We each have our post-Covid resolutions. One of mine is to walk, not on a treadmill or inside a gated community but out on the streets. To be able to walk in and through crowded thoroughfares is a gift, and that too, without a mask.
Much like any other global city, Bengaluru is also composed of neighbourhoods, each with its own unique charm. I live in the Shivaji Nagar area, one that was called “Black-Palli” before. There are many reasons for this. Some say it was named by the British because “black” Indian folks used to worship at a “palli” or church here. The church in question is the St. Mary’s Basilica in the centre of Shivaji Nagar. Historian SK Aruni says that the area may have been named after John Blakiston, who designed the Bangalore Cantonment. Another story is more fanciful. It says that the name came from “bili akki palli” which means “white rice area.” The packed streets in Shivaji Nagar make it hard to imagine rice fields being here. An Urdu-medium school called GUHPS Black Palli bears witness to this Colonial past.
Mornings are quiet in Shivaji Nagar and you can walk through the streets, picking up fresh vegetables, fish, meat or whatever it is you fancy. Here is my incomplete and individual list of offerings from this neighbourhood.
- Have a vada curry or a pulao with onion raita at BN Sambaiah Setty Tiffin Room, a tiny hotel packed with morning regulars who come here for breakfast.
- Take a walk to the Shiva temple at the end of Dharmaraja Koil Street, buying fresh flowers, fruits and vegetables along the way. The best time is 7:30 am when there are no crowds.
- Walk further down to Russell Market. Duck in to watch fragrant tuberose being strung into garlands, meat being butchered, and vegetables being unpacked for the day’s business.
- Have a cutting chai and rusk at New Bilal Tea Centre or at any of the tiny tea stalls around Russell Market.
- As the sun comes up, walk into any of the textile stores on Seppings Road for fabrics that you can tailor as you please. Dhanalakshmi Stores is an old favourite as are Balu, Varalakshmi and Sri Ganesh.
- If glitzy sequined fabric is what you are after, step into the crowded Evening Bazaar, Femina Bridal Collection or Pakeeza, also on Seppings Road.
- Visit any of the temples that pay homage to the fierce tribal goddesses who rule this area. Ask for the nearest Om Shakti temple. Other names are Muthyalamma, Angala Parameshwari, Amman, or Nagamma. If you are lucky, there will be a “pallaki” or chariot festival, called “Car Festival” in this area, where the goddess is taken out in a procession with drum beats, dancing and donations. This only happens in the evenings though.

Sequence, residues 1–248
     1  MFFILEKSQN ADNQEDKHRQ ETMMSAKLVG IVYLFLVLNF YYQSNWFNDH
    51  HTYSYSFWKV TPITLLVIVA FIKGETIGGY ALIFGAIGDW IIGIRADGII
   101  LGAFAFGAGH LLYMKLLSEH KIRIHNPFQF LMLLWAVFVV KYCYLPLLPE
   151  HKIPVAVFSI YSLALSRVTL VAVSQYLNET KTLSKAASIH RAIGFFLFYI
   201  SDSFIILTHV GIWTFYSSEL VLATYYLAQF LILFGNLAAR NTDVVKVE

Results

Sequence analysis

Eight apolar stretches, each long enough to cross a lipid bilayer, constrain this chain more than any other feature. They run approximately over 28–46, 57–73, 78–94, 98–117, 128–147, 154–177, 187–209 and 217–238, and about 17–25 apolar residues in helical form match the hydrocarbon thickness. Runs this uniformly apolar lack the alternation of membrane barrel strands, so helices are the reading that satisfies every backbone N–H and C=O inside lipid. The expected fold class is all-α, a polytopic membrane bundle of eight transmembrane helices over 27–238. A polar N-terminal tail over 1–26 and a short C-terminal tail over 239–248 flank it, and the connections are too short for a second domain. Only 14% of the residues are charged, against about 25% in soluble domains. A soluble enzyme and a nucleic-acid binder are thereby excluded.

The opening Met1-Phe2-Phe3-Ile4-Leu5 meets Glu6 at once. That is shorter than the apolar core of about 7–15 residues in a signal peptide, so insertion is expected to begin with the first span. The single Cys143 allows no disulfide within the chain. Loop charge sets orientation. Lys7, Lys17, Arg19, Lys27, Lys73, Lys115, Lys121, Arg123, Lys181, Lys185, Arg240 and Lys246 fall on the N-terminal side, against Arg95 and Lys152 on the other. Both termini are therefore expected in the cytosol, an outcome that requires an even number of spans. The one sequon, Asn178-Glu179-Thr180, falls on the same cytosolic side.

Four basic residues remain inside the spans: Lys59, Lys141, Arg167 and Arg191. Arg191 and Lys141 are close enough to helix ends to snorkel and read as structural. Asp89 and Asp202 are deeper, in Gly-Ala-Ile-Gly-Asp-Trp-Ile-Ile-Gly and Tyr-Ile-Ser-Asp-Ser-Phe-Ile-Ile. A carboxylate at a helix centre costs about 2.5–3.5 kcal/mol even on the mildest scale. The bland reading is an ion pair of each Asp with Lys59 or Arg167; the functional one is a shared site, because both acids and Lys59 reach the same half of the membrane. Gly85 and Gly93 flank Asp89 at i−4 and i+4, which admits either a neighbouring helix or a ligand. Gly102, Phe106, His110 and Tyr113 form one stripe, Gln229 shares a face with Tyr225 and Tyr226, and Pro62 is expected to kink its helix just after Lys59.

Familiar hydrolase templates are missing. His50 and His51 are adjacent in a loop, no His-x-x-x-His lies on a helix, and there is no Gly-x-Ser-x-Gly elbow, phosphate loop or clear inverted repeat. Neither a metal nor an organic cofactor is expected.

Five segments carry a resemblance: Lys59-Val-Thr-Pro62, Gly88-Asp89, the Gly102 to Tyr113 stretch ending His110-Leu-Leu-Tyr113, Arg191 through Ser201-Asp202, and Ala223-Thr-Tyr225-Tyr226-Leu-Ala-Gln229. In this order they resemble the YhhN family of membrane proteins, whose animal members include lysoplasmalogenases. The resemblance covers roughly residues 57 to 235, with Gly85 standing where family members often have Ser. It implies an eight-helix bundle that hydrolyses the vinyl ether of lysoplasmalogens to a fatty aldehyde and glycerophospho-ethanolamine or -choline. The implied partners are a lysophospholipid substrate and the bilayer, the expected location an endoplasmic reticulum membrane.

- In the evening, drop in at Santhanam Sweets & Savouries for South Indian snacks such as kolbade, chakli, adirasam, and mixture– similar to what Gujaratis call farsan.
- Round the corner from Santhanam, on Veera Pillai street are two local favourites: Naveen Butter Dosa Camp and Shree Idly Corner, both excellent. End your meal with a milk-khova from Priya Milk Kova Dairy.
- Ask for the Ramulu temple on Ramulu Sannidhi street. Across the temple, just outside what looks like a home, is a man selling “kuzhi-paniyaram” a Tamil tiffin dish made piping hot. Only available in the evenings and around 8:30 am in the morning.
- At the corner of Ibrahim Sahib Street and Jewellers Street, beside LMR jewellers is Raju, where generations of college girls go to have their ears, nose, belly button and other organs of the body pierced. Both my daughters have been going to Raju for years. He scolds them about ear-piercings even though that is his business.
- Walk down Ibrahim Sahib street to Silver Palace. In the lane beside Silver Palace is where an old-fashioned “achari” or jeweller sits. He can repair your broken gold ornaments and fashion new ones, all out of a tiny shop. Go further down this lane to the end and you will find a catering business run by two women. They sell lemon sevai– ₹250 for one kilo but you have to come with a vessel and pick it up.
- Visit Marudhar Papers on Lubbay Masjid Street if you love stationary. There are several paper agencies in the area such as Padam, Varsha, and Fine Paper World. Here, I once chose thick Italian paper, perfect for my fountain pen. I had them cut down to a custom-size that would fit into the orange Hermes pocket diary that I carry in my handbag. Talk about mixing the extreme local with the global.
14. Also in Lubbay Masjid Street in Puttur House is a place I have wanted to visit, but haven’t. These are traditional bonesetters who will massage a broken bone and set it in the right place. On nearby Jumma Masjid street, you can find sequined Indian juti-shoes, chikankari material, and attars. Go here only if you can stand crowds. Beside Russell market on MF Noronha Street is J Siddiqi Corner Shop where I have been going to buy flasks, copper jugs and stainless steel vessels for years. This is where I bought my cast-iron tawa for ₹1100 recently. Behind J Siddiqi are the bamboo basket sellers. Go to Cane Centre on Meenakshi Kovil street to find bamboo planters, baskets, lamps and even bamboo blinds.
15. Walk around and read the street names. They are Hindu, Muslim and Christian referencing a syncretic India where Hindus go and pray to St. Mary during the annual St. Mary’s feast that happens in September, Christians buy puja products and Muslim flower vendors keep track of Hindu holidays.
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